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Book Review

Kgalema motlanthe - a political biography Author (s): Ebrahim Harvey
By Staff Writer Sun 21 Dec 2014, 08:50 am (GMT +2)
Mmegi Online :: Book Review








EBRAHIM Harvey's lively biography of Kgalema Motlanthe, launched on Thursday night at Wits University, is a classic campaign biography. This genre was established by John Eaton's 1824 book on his friend, Gen Andrew Jackson, in which the military man's purported rise from a humble log cabin was lovingly, but not altogether accurately, detailed. The weaknesses of the presidential contender were turned by Eaton's pen into strengths. His irresponsibility was reshaped into fearlessness and his political naivety was refashioned into moral rectitude.

It becomes clear early in Harvey's book that mere evidence will not impede the progress of his chosen narrative. He finds a log cabin in Alexandra in which to place Motlanthe's family and he leaves them there. But Motlanthe himself told scholar Padraig O'Malley two decades ago that his father and his brothers worked for Anglo American, an "all-embracing" company that dominated his family's life. "I am the only one who never really worked for (Anglo)." Harvey simply ignores this politically embarrassing aspect of his subject's family history.

Harvey downplays Motlanthe's 1992 claim that his service as an Anglican altar boy "shaped one's life". He is in a hurry for this muscular teetotaller, whose first job running Soweto liquor outlets was presumably linked to his temperance campaigning, to transcend Christianity for a more politically correct Marxism.

When all else fails, Harvey simply allows Motlanthe to rewrite the past. Thus he is given space to deny his scorn for Zimbabwe's Movement for Democratic Change (MDC). In 2004, he told O'Malley that the MDC was a tool of "neocolonial" intervention, "anointed" by western powers to secure Iraq-style regime change. "If it can be done in Zimbabwe", he warned, "it will be done to us tomorrow."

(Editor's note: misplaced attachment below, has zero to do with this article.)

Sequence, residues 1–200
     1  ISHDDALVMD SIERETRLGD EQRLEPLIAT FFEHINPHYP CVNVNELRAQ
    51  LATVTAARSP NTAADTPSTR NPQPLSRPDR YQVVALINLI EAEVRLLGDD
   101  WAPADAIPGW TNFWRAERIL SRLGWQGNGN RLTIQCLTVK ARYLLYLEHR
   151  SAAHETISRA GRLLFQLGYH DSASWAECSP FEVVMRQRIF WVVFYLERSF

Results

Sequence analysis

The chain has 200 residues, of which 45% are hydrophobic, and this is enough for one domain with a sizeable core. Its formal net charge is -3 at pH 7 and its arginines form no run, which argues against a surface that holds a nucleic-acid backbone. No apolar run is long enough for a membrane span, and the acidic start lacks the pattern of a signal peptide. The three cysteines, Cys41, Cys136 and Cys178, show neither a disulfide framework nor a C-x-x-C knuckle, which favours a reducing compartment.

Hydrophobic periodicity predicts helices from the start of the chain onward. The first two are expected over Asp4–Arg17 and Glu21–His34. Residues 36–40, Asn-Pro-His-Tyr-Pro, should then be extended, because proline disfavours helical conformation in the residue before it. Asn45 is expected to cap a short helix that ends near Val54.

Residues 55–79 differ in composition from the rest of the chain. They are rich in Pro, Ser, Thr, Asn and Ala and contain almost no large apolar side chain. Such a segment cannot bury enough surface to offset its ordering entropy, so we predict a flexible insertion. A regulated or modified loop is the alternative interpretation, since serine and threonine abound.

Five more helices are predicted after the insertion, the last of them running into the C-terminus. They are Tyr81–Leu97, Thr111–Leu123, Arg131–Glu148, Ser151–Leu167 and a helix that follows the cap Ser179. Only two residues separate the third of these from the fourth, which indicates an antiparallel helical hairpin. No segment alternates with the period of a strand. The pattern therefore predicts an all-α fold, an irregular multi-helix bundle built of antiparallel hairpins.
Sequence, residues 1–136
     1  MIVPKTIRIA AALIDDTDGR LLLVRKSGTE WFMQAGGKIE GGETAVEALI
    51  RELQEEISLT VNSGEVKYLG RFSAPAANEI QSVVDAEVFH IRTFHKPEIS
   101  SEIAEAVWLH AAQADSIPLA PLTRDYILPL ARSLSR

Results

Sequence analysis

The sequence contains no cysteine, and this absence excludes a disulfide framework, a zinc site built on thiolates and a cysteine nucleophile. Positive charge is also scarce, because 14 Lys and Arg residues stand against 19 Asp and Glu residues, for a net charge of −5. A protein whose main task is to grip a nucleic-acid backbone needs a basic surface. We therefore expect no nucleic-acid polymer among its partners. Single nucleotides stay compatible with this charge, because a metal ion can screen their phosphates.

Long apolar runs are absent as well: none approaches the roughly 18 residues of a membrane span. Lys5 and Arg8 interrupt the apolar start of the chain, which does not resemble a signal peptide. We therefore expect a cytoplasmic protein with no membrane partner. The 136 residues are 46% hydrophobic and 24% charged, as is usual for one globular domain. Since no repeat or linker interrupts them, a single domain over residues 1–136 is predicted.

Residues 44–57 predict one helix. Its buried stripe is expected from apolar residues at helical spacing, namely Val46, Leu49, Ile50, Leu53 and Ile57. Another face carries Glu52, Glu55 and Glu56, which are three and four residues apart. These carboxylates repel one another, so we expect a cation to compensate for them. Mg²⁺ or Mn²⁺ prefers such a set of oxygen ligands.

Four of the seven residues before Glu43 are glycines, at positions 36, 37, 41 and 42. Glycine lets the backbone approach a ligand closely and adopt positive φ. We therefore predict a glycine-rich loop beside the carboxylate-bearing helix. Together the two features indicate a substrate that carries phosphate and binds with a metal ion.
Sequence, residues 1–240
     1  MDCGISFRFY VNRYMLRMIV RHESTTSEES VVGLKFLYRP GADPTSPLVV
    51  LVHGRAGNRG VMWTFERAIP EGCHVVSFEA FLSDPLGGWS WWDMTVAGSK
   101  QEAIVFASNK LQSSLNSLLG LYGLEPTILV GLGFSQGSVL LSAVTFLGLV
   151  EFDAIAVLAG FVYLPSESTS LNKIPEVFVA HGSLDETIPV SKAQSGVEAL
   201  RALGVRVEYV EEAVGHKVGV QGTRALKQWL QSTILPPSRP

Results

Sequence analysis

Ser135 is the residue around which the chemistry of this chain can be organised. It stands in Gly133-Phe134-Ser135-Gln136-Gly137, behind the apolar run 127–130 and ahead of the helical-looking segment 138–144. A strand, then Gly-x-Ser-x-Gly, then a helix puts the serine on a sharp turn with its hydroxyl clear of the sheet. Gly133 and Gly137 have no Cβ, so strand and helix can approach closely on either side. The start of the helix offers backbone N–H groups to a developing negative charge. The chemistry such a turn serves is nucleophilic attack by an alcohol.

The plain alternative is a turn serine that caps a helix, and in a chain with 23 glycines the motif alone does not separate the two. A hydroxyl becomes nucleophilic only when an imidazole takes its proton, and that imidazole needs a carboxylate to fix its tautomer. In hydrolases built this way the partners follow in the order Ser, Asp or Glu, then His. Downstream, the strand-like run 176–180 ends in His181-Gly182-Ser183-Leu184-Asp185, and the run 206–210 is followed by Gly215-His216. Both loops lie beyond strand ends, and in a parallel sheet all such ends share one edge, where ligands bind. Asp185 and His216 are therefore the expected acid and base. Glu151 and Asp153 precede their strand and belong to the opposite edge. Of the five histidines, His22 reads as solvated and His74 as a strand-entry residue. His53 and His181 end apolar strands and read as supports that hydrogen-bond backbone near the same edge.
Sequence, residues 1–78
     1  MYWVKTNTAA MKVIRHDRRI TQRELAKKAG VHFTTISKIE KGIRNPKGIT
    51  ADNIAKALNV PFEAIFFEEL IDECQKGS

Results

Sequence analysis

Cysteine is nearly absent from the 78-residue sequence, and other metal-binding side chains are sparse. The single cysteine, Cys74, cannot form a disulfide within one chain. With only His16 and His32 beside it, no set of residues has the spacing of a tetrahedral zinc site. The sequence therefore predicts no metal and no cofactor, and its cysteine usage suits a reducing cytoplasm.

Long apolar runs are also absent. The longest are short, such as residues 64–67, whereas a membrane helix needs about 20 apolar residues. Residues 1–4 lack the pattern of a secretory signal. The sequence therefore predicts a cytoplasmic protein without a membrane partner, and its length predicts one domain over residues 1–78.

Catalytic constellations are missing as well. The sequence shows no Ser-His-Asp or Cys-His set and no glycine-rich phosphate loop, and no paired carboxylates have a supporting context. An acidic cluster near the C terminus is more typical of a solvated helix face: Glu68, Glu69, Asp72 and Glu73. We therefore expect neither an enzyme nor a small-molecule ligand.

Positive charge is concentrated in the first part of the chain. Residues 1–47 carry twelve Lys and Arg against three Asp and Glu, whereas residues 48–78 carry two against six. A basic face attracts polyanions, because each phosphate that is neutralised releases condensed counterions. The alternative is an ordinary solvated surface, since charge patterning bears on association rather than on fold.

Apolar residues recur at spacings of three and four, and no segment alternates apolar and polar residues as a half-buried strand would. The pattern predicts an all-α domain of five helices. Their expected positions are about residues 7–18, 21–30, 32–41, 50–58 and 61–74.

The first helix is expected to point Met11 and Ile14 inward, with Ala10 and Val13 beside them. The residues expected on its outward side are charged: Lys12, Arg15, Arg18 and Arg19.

Not if he can help it. Motlanthe once described the Democratic Alliance as "not truly South African" and claimed that it "targets" poor people. "If you can get them (the poor) onto your side," he rather curiously claimed, then "you can be in government".

In 2000, Motlanthe attacked "gullible whites" for promoting antiretroviral (ARV) treatments for AIDS. Harvey selectively quotes his observation that HIV/AIDS campaigners were recycling "crap from the pharmaceuticals". But he does not explore Motlanthe's claims that HIV was merely one of "69 possible causes" of immune deficiency, that orthodox scientists were plain wrong, or that ARV proponents were driven purely by the profit motive.

The book is equally unsuccessful at substantiating Harvey's claim that Motlanthe "has never really been an ambitious leader". Motlanthe was "anointed" ANC secretary-general in 1997 over the heads of the "ordinary branch delegates" he claims to respect. Harvey credulously accepts Motlanthe's claim that he was obliged to accept by Walter Sisulu.

The author does not interview Motlanthe's enemies, but even his friends underline his limitations. Irene Charnley, a colleague from the National Union of Mineworkers (NUM), hilariously describes his leadership style as "like a shepherd's, leading from behind". NUM general secretary Frans Baleni says that as ANC secretary-general, "all the powers of Motlanthe's position were taken by the (ANC) presidency. Basically, he was like a mere clerk." Gwede Mantashe says that "even when Mbeki did things that were clearly wrong, he would not confront him".

Harvey tells us a little bit about who paid for the book - among others Primedia (part-owned by the Mineworkers Investment Company), the Oppenheimers and African Rainbow Minerals. But he does not reveal what strings, if any, came with an authorised biography. For this reason, we do not know if Motlanthe sanctioned, or even invented, one spurious insinuation that runs throughout the book: that Motlanthe fell under Sisulu's spell on Robben Island and later came to exemplify the great leader's conciliatory virtues. On the concluding page, Harvey suggests that Motlanthe has inherited the great man's mantle. Some readers may find this claim presumptuous: whoever or whatever else he may be, Motlanthe is no Sisulu.
¥ Butler teaches politics at the University of Cape Town. (Business day) Author (s): Ebrahim Harvey